When an animal control officer found Zoop on a cold morning in Denville, New Jersey, the tiny goat could not walk upright or even stand comfortably. Weighing only six pounds and walking on her knees when she was found, Zoop proved herself just about as helpless as any animal can be. The little goat desperately needed help, and she knew it.
Thankfully, the officer was moved by Zoop’s plight. She lifted her up off the ground and transported her immediately to a nearby animal hospital. There, Zoop received a brace for one of her damaged legs and underwent surgery to repair the other. She lived happily at the clinic for six months, but her rescuer knew that couldn’t last forever. Zoop needed to be around other goats.
Our New York Shelter welcomed Zoop with open arms. She fit in with the other goats here right away and became especially close with a goat named Juniper. The two have bonded and are truly inseparable, perhaps because both have struggled with leg problems. They seem to gain strength and encouragement from each other and share a spirit of energizing playfulness that other shelter residents and Farm Sanctuary staff can only envy and admire.
Unfortunately, shortly after Zoop arrived at Farm Sanctuary, caregivers found that she was not healing as well as they expected. Doctors at Cornell University’s Animal Hospital determined that one of her legs was damaged to such a degree that it could not be saved. Thus, they were forced to amputate the limb below the knee. After the surgery, she was fitted for a prosthetic leg much like the artificial leg her friend Juniper wears. Zoop remained happy and active in spite of the loss of her leg, but her prosthetic limb never functioned as well as we hoped it would. In fact, the new limb seemed at times to be more of a hindrance to Zoop than a help.
Hoping to improve her mobility, we brought Zoop back to Cornell in July of 2003. Upon reexamining her leg, doctors determined that the knee joint was fusing in an unexpected way and completely unable to bend, thus causing her leg to heal at a strange angle. This awkward angle, they surmised, was keeping her prosthetic limb from functioning properly. After careful consideration, the decision was made to amputate Zoop’s knee joint. This was the very best decision we could have made for Zoop, because by that time she had begun to wear the leg so infrequently that her muscles were beginning to atrophy. We knew we had to do whatever we could to ensure that Zoop kept her leg active and redeveloped her musculature.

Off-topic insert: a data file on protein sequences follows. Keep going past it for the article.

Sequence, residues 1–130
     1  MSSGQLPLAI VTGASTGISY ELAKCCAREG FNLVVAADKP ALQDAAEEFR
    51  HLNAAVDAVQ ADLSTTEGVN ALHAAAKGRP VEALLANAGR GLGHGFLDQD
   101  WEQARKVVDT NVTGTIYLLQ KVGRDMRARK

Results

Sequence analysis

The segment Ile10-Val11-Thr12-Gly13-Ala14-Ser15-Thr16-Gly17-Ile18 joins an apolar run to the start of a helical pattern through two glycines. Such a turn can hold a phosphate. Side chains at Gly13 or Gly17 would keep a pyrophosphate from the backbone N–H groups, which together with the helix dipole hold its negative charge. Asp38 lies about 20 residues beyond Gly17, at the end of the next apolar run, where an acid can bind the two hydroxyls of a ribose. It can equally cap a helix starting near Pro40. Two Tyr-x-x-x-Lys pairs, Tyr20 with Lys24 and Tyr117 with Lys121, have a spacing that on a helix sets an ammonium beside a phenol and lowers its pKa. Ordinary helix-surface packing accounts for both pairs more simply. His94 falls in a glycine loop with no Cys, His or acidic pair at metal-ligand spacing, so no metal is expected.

After a very successful surgery, Zoop returned to Farm Sanctuary to heal. Caregivers and volunteers treated her like royalty when she arrived back home. They spoiled her with sweet feed, rich hay and lots of extra kisses. She was even taken on special walks around the hospital three to four times each day. Once Zoop’s leg healed completely, she was cast for a new prosthesis. With her new leg, her mobility has increased dramatically and her spirits are higher than ever. Now she is walking and running as proud as you please — and even the most ambitious in our goat herd have trouble keeping up.